/ Articles / The Flooding Strikes Back: Mother Nature Rises Again Shortly After Technology Seemed to Have the Upper Hand

The Flooding Strikes Back: Mother Nature Rises Again Shortly After Technology Seemed to Have the Upper Hand

John Stenmark on June 15, 2020 - in Articles, Feature, Featured

In mid-May 2020, several days of heavy rain fell on central Michigan, causing the Tittabawassee River to swell to 35 feet, more than a foot past its previous record and 10 feet above flood stage. Even worse, catastrophic dam failures further upriver forced the evacuation of approximately 10,000 people as the severe flooding overtook several populated areas in Midland County and threatened a Superfund site.

The state of Michigan is investigating the catastrophe, including dam operators Boyce Hydro, for possible negligence. Civil lawsuits also have been filed against the operators.

The 2020 flooding was a shock for local residents, as they were just recovering from another “500-year storm” only three years earlier. In the previous situation, the Midland County Road Commission (MCRC) was able to use a variety of new technologies and local partnerships to evaluate the flood damage as well as clear and repair its transportation routes. It seems they’ll have to re-use the lessons they just learned much, much sooner than expected.

Three Years Earlier

The rain hit on an early summer Friday in June 2017. A freakish storm—declared a once-in-500-year rain event—dropped more than 7 inches of water on central Michigan in just 36 hours. The storm was concentrated over a relatively small area. Midland County, home to roughly 83,000 people, was hit especially hard.

Near the city of Midland, the Tittabawassee River quickly rose to flood stage and beyond. Only a day after the rains started, the river crested at 32.15 feet, more than 8 feet above flood stage and the second-highest level in more than 30 years. In less than two days, the river flow jumped from 3,200 cubic feet per second (cfs) to more than 39,000 cfs. The flooding inundated homes, businesses and infrastructure, inflicting millions of dollars in damage.

The county’s roads were hit especially hard. By Saturday morning, the MCRC had closed roads in more than 120 locations throughout the county. The reasons for closures emphasized safety and ranged from standing water to washouts, damaged pavement, and loss of culverts and drainage structures. The MCRC needed to act quickly to assess the damage and get repairs underway. The effort included identifying areas requiring immediate attention and developing plans for temporary or permanent repairs. The amount of urgent work was overwhelming.

Rapid Response

“On Monday morning, we took stock, prioritized the damage and determined which roads we could open with minor repairs,” says MCRC Managing Director Terry Palmer. “There were over a dozen water crossings that would require more major repairs—which is when OHM Advisors called and offered to assist. They had a team ready to assess our crossings and start the process of obtaining topographic data for the major failures.”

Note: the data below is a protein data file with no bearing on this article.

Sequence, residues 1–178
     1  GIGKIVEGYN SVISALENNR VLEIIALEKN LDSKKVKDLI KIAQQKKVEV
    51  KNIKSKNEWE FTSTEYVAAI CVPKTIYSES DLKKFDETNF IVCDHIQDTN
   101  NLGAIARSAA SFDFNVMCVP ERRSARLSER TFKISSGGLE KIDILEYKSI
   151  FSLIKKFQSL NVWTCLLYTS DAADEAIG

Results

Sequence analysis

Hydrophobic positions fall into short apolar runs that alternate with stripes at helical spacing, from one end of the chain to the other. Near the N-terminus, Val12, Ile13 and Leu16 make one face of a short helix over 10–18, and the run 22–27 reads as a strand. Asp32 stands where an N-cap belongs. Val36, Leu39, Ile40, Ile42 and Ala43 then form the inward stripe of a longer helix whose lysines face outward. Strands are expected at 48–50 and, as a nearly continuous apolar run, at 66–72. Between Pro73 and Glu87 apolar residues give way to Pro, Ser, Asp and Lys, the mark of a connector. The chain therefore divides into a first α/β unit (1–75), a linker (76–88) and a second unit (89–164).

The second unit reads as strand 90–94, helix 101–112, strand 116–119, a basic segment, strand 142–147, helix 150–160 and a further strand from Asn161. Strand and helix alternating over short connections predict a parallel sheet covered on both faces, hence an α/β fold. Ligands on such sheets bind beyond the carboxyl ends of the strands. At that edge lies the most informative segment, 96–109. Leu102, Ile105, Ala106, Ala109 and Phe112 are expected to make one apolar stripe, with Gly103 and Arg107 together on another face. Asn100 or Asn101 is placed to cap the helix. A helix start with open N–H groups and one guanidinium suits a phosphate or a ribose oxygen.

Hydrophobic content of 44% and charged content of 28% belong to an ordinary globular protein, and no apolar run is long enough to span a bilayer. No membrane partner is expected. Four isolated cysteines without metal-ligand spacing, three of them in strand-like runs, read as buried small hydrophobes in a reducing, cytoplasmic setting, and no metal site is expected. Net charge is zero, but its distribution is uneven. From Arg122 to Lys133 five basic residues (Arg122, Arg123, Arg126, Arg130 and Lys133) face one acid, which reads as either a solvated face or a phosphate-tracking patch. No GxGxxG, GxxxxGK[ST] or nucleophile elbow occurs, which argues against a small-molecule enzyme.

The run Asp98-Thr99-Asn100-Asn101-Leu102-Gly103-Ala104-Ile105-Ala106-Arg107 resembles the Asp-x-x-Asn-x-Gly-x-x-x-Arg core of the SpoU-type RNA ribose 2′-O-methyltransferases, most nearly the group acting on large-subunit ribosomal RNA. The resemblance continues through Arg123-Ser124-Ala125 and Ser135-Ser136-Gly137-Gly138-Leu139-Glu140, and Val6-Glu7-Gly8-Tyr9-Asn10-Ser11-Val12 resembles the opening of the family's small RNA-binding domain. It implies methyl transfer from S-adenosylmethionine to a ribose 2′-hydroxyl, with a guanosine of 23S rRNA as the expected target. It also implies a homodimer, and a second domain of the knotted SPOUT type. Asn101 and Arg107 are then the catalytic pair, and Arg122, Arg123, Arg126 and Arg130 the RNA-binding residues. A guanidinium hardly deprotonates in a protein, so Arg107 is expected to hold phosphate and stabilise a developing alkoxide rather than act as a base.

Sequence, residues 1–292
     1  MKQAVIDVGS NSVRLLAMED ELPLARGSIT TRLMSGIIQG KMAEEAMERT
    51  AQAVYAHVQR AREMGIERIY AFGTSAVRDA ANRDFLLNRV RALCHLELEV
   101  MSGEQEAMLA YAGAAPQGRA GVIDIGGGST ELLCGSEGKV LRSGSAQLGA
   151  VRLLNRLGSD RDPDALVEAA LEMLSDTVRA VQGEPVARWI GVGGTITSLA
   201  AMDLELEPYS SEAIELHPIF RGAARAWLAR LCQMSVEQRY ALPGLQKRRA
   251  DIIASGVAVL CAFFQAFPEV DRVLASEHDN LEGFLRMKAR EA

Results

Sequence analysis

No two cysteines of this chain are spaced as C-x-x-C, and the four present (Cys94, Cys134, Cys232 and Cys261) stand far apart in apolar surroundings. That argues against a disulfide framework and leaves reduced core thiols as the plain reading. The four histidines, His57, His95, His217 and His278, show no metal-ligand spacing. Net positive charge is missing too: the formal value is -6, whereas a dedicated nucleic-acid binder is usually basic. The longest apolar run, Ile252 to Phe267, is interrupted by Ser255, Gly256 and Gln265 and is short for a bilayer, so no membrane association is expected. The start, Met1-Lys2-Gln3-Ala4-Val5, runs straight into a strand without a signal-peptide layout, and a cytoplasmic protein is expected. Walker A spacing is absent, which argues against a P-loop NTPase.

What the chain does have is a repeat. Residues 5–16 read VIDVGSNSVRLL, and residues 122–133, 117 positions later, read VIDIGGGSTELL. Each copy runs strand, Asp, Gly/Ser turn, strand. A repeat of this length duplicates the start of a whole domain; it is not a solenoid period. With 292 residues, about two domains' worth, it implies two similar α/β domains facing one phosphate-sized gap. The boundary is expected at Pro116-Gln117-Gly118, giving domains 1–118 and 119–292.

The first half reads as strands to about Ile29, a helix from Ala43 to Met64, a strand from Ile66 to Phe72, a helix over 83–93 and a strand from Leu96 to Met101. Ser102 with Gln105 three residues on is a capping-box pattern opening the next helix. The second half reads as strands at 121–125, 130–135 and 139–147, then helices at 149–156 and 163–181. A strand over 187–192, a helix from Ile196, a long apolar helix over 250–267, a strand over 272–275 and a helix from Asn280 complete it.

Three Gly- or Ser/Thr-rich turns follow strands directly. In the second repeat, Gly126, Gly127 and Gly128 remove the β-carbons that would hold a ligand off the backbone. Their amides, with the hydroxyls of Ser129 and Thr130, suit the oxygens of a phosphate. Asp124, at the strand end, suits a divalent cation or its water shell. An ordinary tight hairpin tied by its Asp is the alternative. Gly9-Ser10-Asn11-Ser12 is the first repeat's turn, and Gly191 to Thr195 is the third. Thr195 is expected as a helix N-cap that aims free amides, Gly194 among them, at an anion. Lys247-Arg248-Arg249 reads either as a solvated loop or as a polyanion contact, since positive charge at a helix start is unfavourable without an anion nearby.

Yellow dots indicate the locations of road damage. Four critical locations were designated for high-priority repairs and reconstruction.

A Michigan-based firm providing architecture, engineering and planning for clients in the public and private sectors, OHM Advisors employs more than 500 people in 16 offices across three states. Craig Schripsema, manager of OHM Advisors’ office in Midland, deployed the firm’s survey teams to the affected area.

“We work alongside Midland County on many projects,” notes OHM Advisors Survey Practice Leader Ray Lillibridge. “We don’t offer typical solutions; we bring forth the best solution customized for the county and not what’s most profitable for us. That approach to innovation really helped strengthen our partnership.”

By Monday, the county emergency services were in the field identifying washed-out bridges and culverts. The locations were marked on a paper map at the MCRC office. Lillibridge quickly added the locations to a GIS application so the information could be readily shared among OHM Advisors’ teams.

“Once we started plotting known washouts, we were logistically able to create a plan of attack,” he adds. “We knew a couple of sites had no access, in which case we had to wait for the county to bring in temporary solutions.”

On Tuesday morning, two OHM Advisors field crews began surveying the damaged areas. They needed to gather data that would enable their engineers to evaluate the damage and develop plans to repair or rebuild the sites. In addition to often-circuitous routes to the sites, the two-person field crews faced soggy conditions and unstable, potentially dangerous slopes near the edges of the washouts. Lillibridge determined that the best and safest approach to quickly producing accurate information would be a blend of field technologies, including unmanned aerial systems (UASs), GNSS and total stations.

At each site, OHM Advisors surveyors conducted a quick walkaround before setting ground control points (GCPs) for the aerial imagery, marking the points with chevron targets. The crews set a minimum of four GCPs at each site, placing two on each side of the washout. One point was set as close as safely possible to the washout, and the second on the road up to 400 feet away.

OHM Advisors captured the location of the GCPs using Trimble R10 GNSS receivers with Trimble TSC3 controllers running Trimble Access software. Connected by Network Transmission via Internet Protocol (NTRIP) to the Michigan DOT real-time GNSS network, the R10s produced precise positions for each GCP. The R10 delivered coordinates tied directly to the required Michigan state plane coordinate zone.

“We can connect our R10 receivers to the MDOT network anywhere we have cellular coverage,” adds Lillibridge. “That way we can be confident everything we collect can be used in the future.”

An orthomosaic image was combined with a 3D model of damage on Shaffer Road. Permanent repairs were completed in less than three months.